By contrast, other studies have reported negative effects of maternal smoking in pregnancy on child IQ [1620, 4547]. A series of followups conducted in the Ottawa Prenatal Prospective Study (OPPS) reported significant effects on Full-Scale and/or Verbal IQ at ages 3–4, 9–12, and 13–16 [20, 45, 48]. At the 13–16 year follow-up, prenatal exposure to 16 mg nicotine/day or more per day was associated with an adjusted decrement of 8 FSIQ points on the Wechsler Intelligence Scale for Children. The sample sizes in the OPPS, however, are generally small, and the 13–16 year follow-up included a total of 145 individuals with only 36 individuals in the 16+ category.

The divergent results may arise from methodological differences, one of the most important being confounder adjustment. As indicated by the results of the present study, socioeconomic position, often measured by education or income, and maternal IQ seem to be particularly important, and the lack of control for each may produce spurious effects of smoking exposure on outcomes such as IQ [26, 40].

Adjustment for education alone has been reported to attenuate the association between smoking and outcomes on IQ by 30%–40% [49]. While most studies did control socioeconomic factors to some extent, only few studies have taken maternal IQ into account. Of six studies controlling maternal IQ [17, 22, 26, 40, 42, 50], two studies reported significant effects of smoking [17, 50]; one of these, however, only at age 10 but not at age 5 and in adolescence, and both studies only measured verbal IQ using the Peabody Picture Vocabulary Test. In the present study, separate adjustments for either parental education or maternal IQ reduced the unadjusted effect estimates by 50–60% and resulted in the association being statistically nonsignificant. Reversely, removing both confounders from the fully adjusted model resulted in statistically significant effects that were augmented by approximately 60%.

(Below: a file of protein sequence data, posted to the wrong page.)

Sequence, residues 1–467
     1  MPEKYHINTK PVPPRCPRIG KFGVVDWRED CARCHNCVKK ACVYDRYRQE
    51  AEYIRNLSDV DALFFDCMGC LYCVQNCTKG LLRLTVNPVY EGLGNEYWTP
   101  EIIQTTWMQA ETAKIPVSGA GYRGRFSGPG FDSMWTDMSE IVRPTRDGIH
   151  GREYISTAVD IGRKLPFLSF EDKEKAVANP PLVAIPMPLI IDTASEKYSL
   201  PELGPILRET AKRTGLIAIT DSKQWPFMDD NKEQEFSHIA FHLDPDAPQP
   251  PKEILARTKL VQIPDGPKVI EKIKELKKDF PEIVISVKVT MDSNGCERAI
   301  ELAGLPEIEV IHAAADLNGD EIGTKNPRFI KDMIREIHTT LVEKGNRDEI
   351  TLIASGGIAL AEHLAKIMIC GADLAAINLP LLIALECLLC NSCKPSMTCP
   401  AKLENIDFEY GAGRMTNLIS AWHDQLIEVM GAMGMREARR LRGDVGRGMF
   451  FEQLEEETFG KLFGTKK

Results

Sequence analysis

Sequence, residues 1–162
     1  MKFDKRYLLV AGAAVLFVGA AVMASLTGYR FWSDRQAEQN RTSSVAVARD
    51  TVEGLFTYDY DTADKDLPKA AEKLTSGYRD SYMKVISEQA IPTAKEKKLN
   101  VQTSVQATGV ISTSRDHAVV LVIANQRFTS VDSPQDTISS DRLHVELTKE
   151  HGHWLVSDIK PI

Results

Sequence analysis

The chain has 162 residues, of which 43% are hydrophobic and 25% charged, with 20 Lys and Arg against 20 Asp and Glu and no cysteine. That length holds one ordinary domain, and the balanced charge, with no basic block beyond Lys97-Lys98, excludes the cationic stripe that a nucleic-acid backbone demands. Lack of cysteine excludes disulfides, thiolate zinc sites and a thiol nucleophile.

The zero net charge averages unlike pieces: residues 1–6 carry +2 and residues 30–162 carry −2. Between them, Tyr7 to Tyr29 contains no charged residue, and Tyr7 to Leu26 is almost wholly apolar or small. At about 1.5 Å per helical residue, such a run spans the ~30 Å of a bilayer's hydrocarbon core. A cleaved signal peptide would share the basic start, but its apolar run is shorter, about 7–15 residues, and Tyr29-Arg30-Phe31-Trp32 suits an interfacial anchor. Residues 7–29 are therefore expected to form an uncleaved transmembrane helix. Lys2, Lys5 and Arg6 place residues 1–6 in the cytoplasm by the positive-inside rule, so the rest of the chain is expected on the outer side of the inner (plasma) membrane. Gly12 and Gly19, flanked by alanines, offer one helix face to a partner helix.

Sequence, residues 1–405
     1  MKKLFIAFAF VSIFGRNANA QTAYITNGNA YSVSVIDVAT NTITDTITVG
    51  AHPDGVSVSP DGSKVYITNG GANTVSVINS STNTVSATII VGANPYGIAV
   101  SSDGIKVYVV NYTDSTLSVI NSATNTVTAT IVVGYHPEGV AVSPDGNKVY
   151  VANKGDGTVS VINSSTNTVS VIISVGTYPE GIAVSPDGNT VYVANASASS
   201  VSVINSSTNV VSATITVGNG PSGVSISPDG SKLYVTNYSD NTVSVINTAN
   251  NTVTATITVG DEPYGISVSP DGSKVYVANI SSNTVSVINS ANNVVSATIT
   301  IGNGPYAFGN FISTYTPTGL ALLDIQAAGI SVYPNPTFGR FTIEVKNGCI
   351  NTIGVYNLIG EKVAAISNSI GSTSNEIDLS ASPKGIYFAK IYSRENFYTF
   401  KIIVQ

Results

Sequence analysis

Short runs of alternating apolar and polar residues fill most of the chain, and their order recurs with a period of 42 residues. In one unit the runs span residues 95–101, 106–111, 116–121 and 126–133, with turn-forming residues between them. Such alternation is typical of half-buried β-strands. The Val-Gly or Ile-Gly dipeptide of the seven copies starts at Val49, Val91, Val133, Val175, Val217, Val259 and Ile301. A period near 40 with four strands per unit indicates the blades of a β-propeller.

The present study was based on a large sample size and controlled for important confounders which not all have been included simultaneously in most previous studies. In addition to the already mentioned confounders, we were able to control for paternal prenatal smoking. This variable both accounts for some of the variance related to unmeasured and potentially confounding paternal and familial factors and provides a measure of maternal passive smoking during pregnancy. Validations of self-reported smoking in pregnancy by measures of cotinine levels suggest that self-reports may lead to misclassification, not because women report their own smoking unreliably, but because of passive smoking [51, 52].

Many previous studies have been characterised by small sample sizes resulting in low statistical power. Still, even when including a large number of observations, the risk may still be present of insufficient statistical power to detect potential effects if these are subtle and if many covariates are included. In this study, the close-to-zero effect estimates and the reasonably narrow confidence intervals support the validity of the findings of no-association and speak against a type II error. The effects of maternal smoking on the geometric design subtest could indicate effects on more specific and sensitive cognitive measures. Although this finding is a natural aim for further investigation, an effect confined to a single subtest is of minor relevance in this context, the focus being on general intelligence as an outcome.